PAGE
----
The City of San Bruno’s strong stance in dealing with PG&E after the Sept. 9, 2010 natural gas pipeline explosion finally paid off last Monday, when the company agreed to pay a $70 million reparation settlement for civic damage.
The explosion’s resulting fire destroyed 38 homes, damaged another 70 and killed eight people. Fifty-eight individuals suffered serious injuries.
The reparations announcement came less than a month after San Bruno Mayor Jim Ruane announced the city’s dissatisfaction with the slow pace of negotiations over the amount of money PG&E would pay to help the city recover from the tragedy.
“It got to the point a few weeks ago where we were a little frustrated in what was happening and what was not happening,” Mayor Ruane said in a phone interview. “So we decided to go to the press.”
City Manager Connie Jackson elaborated saying, “We felt that our timeline for the discussions was more urgent than it appeared PG&E’s was, so we took a different approach in the way that we handled public communication regarding our relationship with PG&E — essentially encouraging them in a very public way to come back to the deliberative negotiations.”
From the beginning of the PG&E discussions, San Bruno city representatives said they knew they had to fight to ensure that the company addressed more than just the physical damage.
City council member Rico Medina compared the situation to “David and Goliath.” Ken Ibarra, another council member, said dealing with PG&E reminded him of Erin Bockovich, who played a major role in building a legal case against PG&E in 1993 for contaminating water in Hinkley, CA. The city decided it had to make sure it did not simply accept whatever company line P&E gave but rather ensure that the company did what was best for the citizens of San Bruno, Ibarra said.
“We have that in the back of our mind, that we have to stay a step ahead because they are so big,” Ibarra added.
Now with the $70 million in reparations, the city says it can begin to heal from the disaster.
“We committed the night of the tragedy and continue to commit that we will help the victims and the community heal and rebuild,” PG&E President Chris Johns said in a statement the morning of settlement. Monday’s announcement “is another step in that process,” he added.
City council members and other city employees credit Mayor Ruane, saying he was a strong leader in the PG&E negotiations
“PG&E was not giving us any kind of answers,” City Clerk Carol Bonner said. “Jim finally came forward and said, ‘You need to do something.’”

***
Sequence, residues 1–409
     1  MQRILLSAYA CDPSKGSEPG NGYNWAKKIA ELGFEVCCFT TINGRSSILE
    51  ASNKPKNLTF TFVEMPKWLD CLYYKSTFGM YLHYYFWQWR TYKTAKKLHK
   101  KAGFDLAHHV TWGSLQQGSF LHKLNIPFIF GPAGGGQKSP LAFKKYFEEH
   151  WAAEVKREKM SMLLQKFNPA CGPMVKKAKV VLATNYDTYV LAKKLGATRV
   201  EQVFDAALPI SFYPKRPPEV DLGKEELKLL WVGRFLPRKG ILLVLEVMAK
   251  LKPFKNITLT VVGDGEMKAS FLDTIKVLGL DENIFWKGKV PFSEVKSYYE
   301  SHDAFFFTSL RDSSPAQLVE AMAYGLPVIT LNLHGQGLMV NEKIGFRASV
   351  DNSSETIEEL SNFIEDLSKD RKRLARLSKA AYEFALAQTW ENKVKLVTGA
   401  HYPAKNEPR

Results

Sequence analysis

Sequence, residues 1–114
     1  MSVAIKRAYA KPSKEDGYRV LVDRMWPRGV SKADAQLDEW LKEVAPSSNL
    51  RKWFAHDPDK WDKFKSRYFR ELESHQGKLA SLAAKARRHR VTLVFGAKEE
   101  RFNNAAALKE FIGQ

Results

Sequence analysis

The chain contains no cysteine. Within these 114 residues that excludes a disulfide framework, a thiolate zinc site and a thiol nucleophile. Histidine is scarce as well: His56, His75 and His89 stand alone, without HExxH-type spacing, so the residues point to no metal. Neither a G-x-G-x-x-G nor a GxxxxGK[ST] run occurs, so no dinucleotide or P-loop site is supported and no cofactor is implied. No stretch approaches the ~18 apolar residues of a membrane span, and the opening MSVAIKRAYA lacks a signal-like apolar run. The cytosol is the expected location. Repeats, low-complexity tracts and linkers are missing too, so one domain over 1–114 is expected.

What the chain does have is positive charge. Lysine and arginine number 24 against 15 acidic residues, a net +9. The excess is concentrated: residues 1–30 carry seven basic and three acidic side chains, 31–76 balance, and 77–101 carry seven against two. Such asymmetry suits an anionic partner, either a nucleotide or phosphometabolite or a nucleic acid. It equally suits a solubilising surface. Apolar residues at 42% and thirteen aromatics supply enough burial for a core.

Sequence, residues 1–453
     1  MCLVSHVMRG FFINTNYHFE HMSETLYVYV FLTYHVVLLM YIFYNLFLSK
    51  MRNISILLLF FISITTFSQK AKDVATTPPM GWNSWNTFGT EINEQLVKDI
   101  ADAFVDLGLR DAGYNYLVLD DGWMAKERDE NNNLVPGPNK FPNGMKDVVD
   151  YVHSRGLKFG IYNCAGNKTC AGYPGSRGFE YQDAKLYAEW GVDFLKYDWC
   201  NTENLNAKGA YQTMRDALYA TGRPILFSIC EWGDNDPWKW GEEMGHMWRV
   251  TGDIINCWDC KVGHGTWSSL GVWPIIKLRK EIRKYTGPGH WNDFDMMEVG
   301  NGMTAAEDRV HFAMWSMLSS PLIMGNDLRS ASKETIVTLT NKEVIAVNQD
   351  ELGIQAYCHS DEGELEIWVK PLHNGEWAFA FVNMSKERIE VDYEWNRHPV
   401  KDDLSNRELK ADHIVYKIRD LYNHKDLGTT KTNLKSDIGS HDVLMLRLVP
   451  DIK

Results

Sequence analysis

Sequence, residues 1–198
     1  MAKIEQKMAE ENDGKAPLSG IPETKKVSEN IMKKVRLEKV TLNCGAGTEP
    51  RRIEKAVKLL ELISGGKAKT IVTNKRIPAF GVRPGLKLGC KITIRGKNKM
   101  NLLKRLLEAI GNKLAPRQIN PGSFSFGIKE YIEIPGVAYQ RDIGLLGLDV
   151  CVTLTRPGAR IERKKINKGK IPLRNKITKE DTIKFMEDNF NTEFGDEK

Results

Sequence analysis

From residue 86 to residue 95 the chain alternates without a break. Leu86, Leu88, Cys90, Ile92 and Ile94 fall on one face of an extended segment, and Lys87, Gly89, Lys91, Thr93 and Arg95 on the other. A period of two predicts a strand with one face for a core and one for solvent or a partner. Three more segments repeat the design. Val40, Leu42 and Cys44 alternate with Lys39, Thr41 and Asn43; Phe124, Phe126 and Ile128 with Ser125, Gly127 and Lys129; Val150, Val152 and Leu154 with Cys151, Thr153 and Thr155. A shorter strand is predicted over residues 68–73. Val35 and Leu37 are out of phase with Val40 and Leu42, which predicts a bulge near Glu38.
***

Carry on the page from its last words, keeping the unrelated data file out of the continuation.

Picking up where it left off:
This money is separate from what PG&E will pay to rebuild city infrastructure that was destroyed or damaged in the fire and other direct costs for restoring the neighborhood — approximately another $50 million. PG&E will also have to pay fines for negligence and perhaps even more resulting from lawsuits some residents filed. .
Negotiating reparations with PG&E, however, was not the only way the city supported the citizens of San Bruno after the fire.
Beginning immediately after the incident, San Bruno organized a number of town hall meetings so citizens could keep abreast of relevant information related to the disaster.
“Each meeting was very informative, kept us up to date,” Nellie Bishop said. The Bishops’ house backed up onto the canyon where the blast took place. The fire destroyed the surrounding houses, and while her house was sparred, it suffered significant damage. “We’ve been very well taken care of,” she added.
The city has also helped fund mental-health counseling services, a serious need for the community after the fires. The disaster’s psychological effects have been lasting, and many residents are still seeking help.
“This is a generational issue for us,” Ruane explained. “One dad told me his son gets a little excited when he lights the barbeque. We have some kids, where three out of four are sleeping at night and one is still having trouble.”
The city has also helped residents deal with insurance companies and provided guidance on any tax issues related to receiving damage payouts from PG&E.
Over the past 18 months, the Glenview neighborhood where the fire occurred is slowly beginning to recover. Construction projects occupy the blocks surrounding the epicenter of the explosion as houses that burned down are rebuilt.
“All this hammering and stuff, it is a good thing,” said Bill Bishop, Nellie Bishop’s husband. “We couldn’t wait to hear the hammers going,” his wife added. “Because then we knew they were coming back.”